In hindsight, I wish I had known that finding an effective marketing strategy for my business and personal working style would require more trial and error. Identifying companies in the same position to learn from has been challenging, so it's essential to be prepared for the experimentation process.

Are you still working solo?

While I have people assisting me, particularly in UX design, marketing, and copywriting, I am the only person working on the project full-time. The others contribute on an as-needed basis.

Are there any tools you use inside your business that you can't live without?

One indispensable tool I use in my business is Notion. It houses all of our workflows and is excellent for managing the business and product management aspects. However, I have a love-hate relationship with Notion because, while it is widely used by students and researchers, it lacks features that help users learn or study efficiently. Despite many YouTubers promoting Notion to students, I feel a sense of frustration knowing it's not an ideal tool for studying. Nevertheless, it remains an invaluable tool for managing my business.

Do you have any advice for beginning entrepreneurs?

My primary piece of advice is to choose something you genuinely love and can work on for years, as everything will likely take much longer than you anticipate. It's essential to find what keeps you motivated and dedicate the necessary hours to your project. However, don't forget to keep financials in mind. Aim to validate your product as quickly as possible. For example, when I launched Traverse, it didn't have a paid plan for the first six months. In hindsight, I suggest introducing payments as soon as possible to confirm that people are willing to pay for your product. Otherwise, you might end up investing a lot of time in something that fails to generate income, which can be demotivating.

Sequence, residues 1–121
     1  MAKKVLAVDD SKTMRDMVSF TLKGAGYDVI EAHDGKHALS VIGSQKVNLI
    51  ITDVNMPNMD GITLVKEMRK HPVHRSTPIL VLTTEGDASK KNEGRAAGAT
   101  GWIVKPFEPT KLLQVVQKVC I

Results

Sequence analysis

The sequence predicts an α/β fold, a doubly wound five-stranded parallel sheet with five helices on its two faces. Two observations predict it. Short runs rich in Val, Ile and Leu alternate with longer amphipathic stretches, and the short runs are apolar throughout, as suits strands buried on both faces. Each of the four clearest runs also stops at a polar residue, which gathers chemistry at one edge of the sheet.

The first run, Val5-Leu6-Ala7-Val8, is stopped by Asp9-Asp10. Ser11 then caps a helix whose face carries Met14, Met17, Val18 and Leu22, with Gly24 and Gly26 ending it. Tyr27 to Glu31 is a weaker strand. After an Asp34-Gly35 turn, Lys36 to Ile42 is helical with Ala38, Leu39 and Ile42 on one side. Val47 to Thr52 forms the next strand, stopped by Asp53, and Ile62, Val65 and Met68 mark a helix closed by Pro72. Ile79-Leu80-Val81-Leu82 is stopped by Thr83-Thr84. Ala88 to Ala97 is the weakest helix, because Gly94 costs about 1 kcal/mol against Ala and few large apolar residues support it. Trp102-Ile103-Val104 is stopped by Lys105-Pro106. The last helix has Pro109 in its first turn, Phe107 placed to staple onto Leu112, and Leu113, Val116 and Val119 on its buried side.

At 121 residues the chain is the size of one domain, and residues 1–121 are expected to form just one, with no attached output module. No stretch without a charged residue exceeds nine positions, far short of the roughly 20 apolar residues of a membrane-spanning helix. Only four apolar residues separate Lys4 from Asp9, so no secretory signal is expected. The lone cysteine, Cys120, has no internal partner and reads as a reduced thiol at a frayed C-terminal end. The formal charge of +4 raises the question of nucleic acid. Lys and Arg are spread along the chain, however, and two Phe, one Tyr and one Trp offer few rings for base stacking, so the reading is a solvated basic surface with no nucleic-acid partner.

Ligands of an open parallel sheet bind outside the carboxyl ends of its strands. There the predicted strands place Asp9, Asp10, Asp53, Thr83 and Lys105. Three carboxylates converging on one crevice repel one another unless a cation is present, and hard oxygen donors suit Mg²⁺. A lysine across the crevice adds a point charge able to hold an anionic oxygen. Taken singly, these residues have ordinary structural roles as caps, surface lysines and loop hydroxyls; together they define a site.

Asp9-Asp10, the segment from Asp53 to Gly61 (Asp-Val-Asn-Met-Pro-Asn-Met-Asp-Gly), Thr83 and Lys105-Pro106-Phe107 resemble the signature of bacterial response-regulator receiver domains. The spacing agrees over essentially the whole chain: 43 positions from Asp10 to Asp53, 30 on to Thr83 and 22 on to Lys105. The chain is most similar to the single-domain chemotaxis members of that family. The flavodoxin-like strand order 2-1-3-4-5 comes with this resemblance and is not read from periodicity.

How do you keep yourself motivated? Did you ever think about giving up in the early days?

There were certainly tough moments, especially when the financials weren't looking great. I've learned that there will be good days and bad days. On challenging days, you have to persevere and push through. Usually, you'll come out stronger on the other side. Once you've experienced this a few times, it serves as a reminder that you can learn and grow from each difficult situation. That's my primary source of motivation.

What are your plans for the next year?

My main goal is to find a marketing channel that works effectively for the app. Over the past few months, we've made significant progress in polishing the app, and it now has a comprehensive feature set.

We recently launched iPhone and Android apps, which make it easier for users to learn and build habits and serve as a marketing channel. I

I'm also exploring the potential of AI & have recently written an article about How ChatGPT can help with learning.

In addition to that, I have attempted to create a lively community around the app several times, albeit unsuccessfully. However, building such a community remains on the agenda.

Where can people contact you?

Sign up at Traverse and you’ll also get my newsletter (I read and respond to all replies)

You can also reach me on Twitter @DominicZijlstra or Linkedin here.

Traverse | Supercharge your Memory and Understanding
Traverse is a learning tool based on cognitive science. Learn faster with mind maps, non-linear notes and spaced repetition practice.